Dr Kiri Dell has been awarded a Marsden Fast-Start grant to analyse Māori well-being in relation to efforts to normalise te reo.
How are Māori interacting with te reo revitalisation policies and negotiating their experiences?
Waipapa Taumata Rau University of Auckland academic Dr Kiri Dell is embarking on a three-year research project to investigate the effects of te reo revitalisation strategies on Māori well-being with the support of a $360,000 Marsden Fast-Start grant awarded this week.
In recent years, says Dr Dell, millions of dollars have been poured into language revitalisation, yet fewer than 20 percent of Māori speak te reo confidently. Meanwhile, Pākeha engagement with te reo Māori has exploded. However, while positive for the revitalisation of the language, perceived unequal resource allocation favouring Pākehā, and continuing barriers for Māori to access te reo seem to be emerging, says Dr Dell.
Maintaining Māori well-being amidst the transition to a te reo speaking country is critical for this nation’s positive social transformation and smooth bicultural evolution.
Dr Kiri Dell
Acknowledging the complexity of the Pākehā consumption of te reo Māori on bicultural relationships, Dell’s research project will investigate the many facets and implications for Aotearoa New Zealand to become a te reo speaking nation.
“The elevation of the Māori language as our nation’s priority towards an empowered Treaty partnership has intensified Pākeha consumption of te reo Māori. On the one hand, its growth, increased distribution, and usage are viewed as positive when it comes to language revitalisation efforts. Yet, on the other hand, issues seem to be emerging, with some Māori feeling marginalised by current revitalisation efforts, perceiving them as focusing on Pākehā accessing, speaking, and using te reo Māori.”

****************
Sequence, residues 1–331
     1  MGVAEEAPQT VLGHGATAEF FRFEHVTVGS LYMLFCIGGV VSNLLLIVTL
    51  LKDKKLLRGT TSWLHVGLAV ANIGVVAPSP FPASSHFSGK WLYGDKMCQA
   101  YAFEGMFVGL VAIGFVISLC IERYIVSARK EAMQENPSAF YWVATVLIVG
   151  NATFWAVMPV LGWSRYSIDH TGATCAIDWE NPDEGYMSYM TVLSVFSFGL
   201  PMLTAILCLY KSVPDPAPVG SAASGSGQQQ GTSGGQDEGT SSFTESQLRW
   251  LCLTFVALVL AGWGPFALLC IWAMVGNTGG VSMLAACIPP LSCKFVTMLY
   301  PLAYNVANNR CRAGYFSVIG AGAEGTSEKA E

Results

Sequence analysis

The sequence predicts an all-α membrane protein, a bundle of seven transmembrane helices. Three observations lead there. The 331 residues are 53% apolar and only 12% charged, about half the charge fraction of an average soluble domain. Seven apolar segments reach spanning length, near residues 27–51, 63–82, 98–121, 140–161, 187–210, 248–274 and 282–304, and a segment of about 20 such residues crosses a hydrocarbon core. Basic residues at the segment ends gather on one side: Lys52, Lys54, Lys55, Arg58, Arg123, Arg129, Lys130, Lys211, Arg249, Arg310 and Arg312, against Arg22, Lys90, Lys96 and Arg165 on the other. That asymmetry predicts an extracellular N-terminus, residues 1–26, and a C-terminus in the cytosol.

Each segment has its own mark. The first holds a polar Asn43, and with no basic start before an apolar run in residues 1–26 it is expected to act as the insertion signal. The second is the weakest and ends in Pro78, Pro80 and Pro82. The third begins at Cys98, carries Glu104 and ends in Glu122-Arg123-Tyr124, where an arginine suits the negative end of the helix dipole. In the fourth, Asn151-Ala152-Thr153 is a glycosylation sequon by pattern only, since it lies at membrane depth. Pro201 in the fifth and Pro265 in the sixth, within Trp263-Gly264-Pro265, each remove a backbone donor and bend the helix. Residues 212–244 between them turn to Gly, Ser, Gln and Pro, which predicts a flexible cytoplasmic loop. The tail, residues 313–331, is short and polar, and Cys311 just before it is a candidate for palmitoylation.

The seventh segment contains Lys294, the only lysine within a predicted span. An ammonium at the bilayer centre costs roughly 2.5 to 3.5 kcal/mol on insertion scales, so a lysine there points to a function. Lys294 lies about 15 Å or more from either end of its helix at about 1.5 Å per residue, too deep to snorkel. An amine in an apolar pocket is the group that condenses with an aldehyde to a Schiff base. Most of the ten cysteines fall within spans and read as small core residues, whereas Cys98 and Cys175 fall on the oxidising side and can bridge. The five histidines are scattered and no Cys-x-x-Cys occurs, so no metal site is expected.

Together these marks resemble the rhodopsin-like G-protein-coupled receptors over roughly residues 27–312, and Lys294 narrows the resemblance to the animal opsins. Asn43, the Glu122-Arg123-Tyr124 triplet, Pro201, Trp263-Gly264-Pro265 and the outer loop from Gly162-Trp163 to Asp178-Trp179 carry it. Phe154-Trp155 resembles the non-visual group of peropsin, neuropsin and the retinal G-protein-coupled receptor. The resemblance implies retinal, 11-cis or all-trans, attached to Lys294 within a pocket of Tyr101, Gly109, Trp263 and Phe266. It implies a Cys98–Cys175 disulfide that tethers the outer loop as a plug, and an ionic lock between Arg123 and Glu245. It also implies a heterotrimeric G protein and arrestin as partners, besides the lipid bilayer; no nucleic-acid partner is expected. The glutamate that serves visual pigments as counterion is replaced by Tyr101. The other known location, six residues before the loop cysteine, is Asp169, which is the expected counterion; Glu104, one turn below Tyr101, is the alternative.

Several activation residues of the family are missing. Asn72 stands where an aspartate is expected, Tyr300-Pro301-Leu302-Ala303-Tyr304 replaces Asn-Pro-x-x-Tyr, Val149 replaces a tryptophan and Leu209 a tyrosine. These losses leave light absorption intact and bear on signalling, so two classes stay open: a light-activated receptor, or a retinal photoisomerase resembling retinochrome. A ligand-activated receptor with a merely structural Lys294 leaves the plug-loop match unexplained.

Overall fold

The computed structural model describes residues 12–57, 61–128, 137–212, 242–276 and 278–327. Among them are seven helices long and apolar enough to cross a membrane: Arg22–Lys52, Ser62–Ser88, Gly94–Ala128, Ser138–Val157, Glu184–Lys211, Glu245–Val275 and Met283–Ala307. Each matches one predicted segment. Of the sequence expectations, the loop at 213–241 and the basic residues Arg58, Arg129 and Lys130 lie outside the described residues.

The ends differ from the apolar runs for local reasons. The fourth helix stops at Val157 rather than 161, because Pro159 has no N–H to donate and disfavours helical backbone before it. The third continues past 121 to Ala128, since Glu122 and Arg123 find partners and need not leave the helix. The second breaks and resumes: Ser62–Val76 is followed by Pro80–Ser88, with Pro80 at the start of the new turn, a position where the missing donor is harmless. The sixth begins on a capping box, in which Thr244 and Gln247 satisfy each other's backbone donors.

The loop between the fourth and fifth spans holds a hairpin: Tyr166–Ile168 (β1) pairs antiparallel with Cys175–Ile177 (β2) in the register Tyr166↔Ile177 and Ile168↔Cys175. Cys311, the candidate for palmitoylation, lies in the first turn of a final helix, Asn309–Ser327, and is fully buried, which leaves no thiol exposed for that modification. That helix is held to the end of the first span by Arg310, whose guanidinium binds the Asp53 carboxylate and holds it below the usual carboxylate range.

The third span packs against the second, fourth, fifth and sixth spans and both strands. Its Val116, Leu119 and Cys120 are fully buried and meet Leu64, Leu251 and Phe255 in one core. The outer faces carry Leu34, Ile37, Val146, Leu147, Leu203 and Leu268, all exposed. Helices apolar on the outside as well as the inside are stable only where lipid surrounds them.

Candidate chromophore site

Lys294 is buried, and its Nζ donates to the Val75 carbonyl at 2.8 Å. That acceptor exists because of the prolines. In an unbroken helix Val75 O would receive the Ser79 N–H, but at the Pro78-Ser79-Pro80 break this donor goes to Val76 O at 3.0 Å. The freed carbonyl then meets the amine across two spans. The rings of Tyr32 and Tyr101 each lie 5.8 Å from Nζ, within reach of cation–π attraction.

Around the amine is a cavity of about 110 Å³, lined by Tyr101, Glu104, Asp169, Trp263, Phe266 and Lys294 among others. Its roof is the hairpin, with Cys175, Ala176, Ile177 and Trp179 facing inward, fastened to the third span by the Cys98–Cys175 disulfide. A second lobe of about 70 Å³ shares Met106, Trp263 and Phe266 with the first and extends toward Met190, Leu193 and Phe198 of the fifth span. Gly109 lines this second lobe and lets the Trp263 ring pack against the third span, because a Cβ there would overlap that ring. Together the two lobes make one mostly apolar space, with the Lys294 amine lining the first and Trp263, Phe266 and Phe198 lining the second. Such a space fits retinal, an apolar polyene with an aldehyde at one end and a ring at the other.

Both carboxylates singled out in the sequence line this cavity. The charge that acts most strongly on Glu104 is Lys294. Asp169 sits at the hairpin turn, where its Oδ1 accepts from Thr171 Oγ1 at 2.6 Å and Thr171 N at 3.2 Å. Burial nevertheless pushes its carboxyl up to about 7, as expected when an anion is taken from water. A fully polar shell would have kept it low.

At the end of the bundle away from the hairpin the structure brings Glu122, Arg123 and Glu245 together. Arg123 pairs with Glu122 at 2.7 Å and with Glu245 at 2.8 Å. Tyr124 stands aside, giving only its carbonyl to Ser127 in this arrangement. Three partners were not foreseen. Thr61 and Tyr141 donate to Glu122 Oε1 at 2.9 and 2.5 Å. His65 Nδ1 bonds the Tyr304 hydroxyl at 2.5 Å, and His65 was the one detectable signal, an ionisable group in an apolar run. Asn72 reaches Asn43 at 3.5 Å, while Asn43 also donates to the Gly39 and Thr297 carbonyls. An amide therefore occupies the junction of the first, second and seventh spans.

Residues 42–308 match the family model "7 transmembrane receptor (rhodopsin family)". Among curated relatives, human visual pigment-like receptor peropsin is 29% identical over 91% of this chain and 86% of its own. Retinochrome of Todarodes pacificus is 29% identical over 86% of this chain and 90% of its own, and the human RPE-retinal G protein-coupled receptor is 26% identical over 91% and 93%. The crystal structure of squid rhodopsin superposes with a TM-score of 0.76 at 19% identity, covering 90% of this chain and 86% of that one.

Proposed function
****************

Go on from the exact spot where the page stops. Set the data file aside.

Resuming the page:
Dr Dell says the research does not intend to critique revitalisation efforts, but to observe and assess Māori well-being in relation to revitalisation strategies.
“Maintaining Māori well-being amidst the transition to a te reo speaking country is critical for this nation’s positive social transformation and smooth bicultural evolution.”
Dell, a Senior Lecturer in Management and International Business, will analyse media, including social media, and will look at both affirming and opposing content that reacts to public reporting of high-profile Pākehā and non-Māori consumption of te reo.
The analysis will help Dr Dell and her team understand how Māori identities are constructed and maintained in relation to te reo and the ways people’s thoughts, feelings, experiences, and general well-being are affected.
Interviews will also be undertaken to inform understanding of the many facets of te reo identities, enabling the researchers to centre Māori voices.
In a society dominated by Pākeha culture, Dr Dell says hearing and prioritising the well-being of those whose language is being celebrated is an important step in the journey to becoming a truly bicultural, bilingual Aotearoa.
Fast-start grants are distributed over three years and are designed to encourage independent research development and build momentum for exceptional careers in Aotearoa. Forty other fast-start grants were awarded to researchers across the country this year to support projects covering a broad range of topics, including quantifying the impact of climate change on glaciers, uncovering the cultural history of the taniwha, countering resistance to antibiotics, and exploring writing in vagahau Niue; the language of Niue.